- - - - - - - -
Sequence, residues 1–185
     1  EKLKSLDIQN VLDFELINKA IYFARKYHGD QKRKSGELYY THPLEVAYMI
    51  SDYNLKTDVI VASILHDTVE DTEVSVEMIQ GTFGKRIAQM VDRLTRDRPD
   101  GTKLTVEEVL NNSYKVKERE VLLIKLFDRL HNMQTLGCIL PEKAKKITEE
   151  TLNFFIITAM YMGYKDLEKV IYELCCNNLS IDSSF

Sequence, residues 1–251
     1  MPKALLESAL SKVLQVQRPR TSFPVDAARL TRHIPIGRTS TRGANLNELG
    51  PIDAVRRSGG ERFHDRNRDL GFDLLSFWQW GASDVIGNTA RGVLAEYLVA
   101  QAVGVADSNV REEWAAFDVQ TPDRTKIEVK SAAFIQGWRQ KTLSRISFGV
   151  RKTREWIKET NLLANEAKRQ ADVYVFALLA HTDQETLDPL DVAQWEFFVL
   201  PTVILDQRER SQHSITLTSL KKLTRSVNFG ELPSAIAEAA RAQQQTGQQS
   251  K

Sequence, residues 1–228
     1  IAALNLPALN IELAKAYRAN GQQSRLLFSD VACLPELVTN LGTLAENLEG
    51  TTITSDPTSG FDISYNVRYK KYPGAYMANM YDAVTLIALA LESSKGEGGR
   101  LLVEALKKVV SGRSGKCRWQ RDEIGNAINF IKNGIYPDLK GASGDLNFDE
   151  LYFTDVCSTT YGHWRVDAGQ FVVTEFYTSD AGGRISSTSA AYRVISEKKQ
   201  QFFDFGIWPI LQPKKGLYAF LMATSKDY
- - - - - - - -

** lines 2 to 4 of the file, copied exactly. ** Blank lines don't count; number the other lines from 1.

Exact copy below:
     1  EKLKSLDIQN VLDFELINKA IYFARKYHGD QKRKSGELYY THPLEVAYMI
    51  SDYNLKTDVI VASILHDTVE DTEVSVEMIQ GTFGKRIAQM VDRLTRDRPD
   101  GTKLTVEEVL NNSYKVKERE VLLIKLFDRL HNMQTLGCIL PEKAKKITEE